If you've ever fancied turning your investment sights to Dutch and Flemish Old Master Paintings of the 16th-17th centuries, then you'll find that the above video is a must-see.
It features an interview with Johnny Van Haeften. Mr Van Haeften, whose ancestors were Dutch, was originally a stamp specialist at Christie's before following his true passion and becoming a leading art expert.
Building on his experiences at Christie's, Mr Van Haeften established his own eponymous family-run art dealership. Recognising the bad press which sometimes surrounds art dealers, he understood the need for the "highest values of honesty, integrity and transparency."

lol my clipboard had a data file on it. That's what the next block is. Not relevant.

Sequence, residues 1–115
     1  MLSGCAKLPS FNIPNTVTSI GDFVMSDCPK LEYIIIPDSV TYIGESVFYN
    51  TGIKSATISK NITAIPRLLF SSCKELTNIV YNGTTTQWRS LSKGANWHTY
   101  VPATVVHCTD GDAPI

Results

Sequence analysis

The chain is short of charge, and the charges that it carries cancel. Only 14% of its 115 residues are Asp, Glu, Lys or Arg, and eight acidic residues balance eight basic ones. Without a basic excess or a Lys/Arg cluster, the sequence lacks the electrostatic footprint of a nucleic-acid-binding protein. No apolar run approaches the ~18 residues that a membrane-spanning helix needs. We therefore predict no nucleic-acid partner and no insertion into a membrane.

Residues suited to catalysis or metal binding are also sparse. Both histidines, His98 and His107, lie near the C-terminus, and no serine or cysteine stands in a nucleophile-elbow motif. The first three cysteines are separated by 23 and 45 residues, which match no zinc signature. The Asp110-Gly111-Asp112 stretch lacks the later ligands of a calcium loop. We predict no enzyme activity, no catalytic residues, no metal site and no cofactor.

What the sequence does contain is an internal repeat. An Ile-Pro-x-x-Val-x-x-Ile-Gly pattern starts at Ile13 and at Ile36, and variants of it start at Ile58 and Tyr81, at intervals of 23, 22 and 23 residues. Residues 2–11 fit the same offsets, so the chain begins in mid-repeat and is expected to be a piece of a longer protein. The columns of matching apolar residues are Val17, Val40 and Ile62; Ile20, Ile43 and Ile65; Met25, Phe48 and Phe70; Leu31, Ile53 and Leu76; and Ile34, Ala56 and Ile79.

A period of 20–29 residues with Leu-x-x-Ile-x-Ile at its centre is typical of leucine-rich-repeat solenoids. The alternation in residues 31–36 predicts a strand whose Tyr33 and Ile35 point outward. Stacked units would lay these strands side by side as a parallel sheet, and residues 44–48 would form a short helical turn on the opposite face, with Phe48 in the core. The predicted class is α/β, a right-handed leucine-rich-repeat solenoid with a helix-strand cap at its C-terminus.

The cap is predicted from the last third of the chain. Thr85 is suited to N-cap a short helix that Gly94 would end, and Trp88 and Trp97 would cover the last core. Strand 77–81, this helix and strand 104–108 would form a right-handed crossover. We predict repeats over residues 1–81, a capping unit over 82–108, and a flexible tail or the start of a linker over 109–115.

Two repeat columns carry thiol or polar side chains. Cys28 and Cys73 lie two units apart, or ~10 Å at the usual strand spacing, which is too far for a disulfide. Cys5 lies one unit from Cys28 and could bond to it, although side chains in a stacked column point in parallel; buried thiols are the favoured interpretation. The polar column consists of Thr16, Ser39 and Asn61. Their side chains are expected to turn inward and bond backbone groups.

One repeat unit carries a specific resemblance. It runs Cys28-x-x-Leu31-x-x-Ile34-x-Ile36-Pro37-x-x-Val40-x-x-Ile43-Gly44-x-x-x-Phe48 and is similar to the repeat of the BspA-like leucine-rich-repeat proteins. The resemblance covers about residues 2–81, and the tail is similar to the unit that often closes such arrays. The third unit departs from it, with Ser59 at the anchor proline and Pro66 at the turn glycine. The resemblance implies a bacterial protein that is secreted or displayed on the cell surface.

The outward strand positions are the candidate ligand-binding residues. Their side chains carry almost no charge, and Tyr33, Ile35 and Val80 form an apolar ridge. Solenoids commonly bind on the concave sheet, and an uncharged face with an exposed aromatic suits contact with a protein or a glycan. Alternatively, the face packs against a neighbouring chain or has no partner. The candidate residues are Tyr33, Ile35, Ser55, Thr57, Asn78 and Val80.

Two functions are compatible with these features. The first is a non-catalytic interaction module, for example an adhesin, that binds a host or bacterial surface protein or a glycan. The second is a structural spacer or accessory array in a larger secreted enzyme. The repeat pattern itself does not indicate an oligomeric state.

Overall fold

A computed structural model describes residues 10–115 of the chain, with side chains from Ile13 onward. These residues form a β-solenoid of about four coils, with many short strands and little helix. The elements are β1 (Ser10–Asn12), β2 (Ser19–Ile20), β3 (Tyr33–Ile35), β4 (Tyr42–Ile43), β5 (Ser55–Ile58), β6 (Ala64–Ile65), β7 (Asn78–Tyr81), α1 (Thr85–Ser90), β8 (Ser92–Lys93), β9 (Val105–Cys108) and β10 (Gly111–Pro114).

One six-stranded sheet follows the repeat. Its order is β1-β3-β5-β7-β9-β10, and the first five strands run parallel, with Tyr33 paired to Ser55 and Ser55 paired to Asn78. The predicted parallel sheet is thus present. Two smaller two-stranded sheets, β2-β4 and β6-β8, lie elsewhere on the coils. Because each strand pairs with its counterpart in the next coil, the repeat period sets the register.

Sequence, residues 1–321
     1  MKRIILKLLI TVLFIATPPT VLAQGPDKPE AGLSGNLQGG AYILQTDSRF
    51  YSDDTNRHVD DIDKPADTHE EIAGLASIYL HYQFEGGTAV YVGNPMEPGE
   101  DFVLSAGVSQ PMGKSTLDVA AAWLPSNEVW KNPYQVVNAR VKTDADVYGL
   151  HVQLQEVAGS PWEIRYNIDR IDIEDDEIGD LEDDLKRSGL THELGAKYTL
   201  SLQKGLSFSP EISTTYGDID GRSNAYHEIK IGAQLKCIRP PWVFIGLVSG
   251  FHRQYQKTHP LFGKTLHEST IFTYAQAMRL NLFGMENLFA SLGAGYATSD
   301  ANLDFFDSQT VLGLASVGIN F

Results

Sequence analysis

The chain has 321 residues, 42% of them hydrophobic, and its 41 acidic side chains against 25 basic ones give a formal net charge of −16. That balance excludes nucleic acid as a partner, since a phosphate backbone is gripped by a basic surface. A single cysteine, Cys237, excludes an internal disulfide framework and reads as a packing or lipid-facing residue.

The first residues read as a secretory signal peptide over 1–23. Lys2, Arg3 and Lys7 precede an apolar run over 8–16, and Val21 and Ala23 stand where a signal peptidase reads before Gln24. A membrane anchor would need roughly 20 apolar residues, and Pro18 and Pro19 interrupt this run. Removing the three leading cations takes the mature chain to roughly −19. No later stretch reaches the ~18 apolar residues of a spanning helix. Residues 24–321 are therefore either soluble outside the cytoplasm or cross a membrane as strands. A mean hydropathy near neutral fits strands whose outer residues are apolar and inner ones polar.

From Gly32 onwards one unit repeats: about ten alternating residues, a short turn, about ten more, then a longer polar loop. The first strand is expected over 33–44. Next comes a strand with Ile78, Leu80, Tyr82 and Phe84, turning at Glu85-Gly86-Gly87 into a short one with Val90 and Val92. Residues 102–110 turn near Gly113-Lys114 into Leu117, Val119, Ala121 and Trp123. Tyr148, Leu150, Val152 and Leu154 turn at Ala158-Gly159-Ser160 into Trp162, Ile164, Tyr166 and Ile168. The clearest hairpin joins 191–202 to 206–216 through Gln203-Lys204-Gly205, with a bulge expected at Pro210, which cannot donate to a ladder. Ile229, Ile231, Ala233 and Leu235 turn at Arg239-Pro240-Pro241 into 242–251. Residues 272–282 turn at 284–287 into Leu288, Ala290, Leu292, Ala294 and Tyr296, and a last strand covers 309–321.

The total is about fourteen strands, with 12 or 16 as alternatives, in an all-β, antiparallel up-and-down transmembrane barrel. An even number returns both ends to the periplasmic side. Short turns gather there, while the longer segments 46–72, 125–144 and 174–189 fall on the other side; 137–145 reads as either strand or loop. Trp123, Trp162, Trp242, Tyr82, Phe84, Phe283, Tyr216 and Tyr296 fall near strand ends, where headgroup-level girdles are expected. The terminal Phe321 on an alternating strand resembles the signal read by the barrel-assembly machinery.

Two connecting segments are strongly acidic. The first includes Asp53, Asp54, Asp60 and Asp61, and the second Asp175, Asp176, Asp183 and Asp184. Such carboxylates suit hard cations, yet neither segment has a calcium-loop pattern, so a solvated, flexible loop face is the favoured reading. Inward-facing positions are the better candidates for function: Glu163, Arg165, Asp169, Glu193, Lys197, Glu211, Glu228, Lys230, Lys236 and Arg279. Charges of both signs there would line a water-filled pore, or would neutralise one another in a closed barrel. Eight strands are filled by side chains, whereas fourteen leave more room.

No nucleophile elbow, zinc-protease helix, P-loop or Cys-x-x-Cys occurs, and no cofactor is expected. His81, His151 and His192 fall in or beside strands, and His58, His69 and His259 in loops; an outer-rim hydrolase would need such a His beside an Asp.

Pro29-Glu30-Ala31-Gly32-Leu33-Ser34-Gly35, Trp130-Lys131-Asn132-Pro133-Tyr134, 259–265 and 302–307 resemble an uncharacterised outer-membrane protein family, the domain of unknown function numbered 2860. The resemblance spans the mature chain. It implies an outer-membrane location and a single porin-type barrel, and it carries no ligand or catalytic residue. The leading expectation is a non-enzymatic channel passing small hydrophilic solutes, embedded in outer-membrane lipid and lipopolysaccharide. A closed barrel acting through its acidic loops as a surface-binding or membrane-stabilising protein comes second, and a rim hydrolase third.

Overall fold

"People who haven't collected Old Masters need to feel confident - confidence is the whole thing," says Mr Van Haeften to an interviewer from website Russian Art Media in the above clip.
Old Dutch Masters like the Dutch Golden Age painter Ambrosius
The interview focusses mainly on the Maastricht Fine Art Fair 2010, which attracts prospective buyers from all over the world. This isn't surprising given the strong history of Dutch and Old Master paintings as alternative investments.
"[The paintings'] values have gone up and up and up, largely because of the laws of supply and demand. Supply is inevitably limited," says Mr Van Haeften, comparing the relative scarcity of Old Masters today with their more frequent appearances at auctions in the 1960s.
The above video gives a fascinating insight into why these historic works arguably have more value stability than contemporary art buys - and why they maintain this stability as long-term assets.
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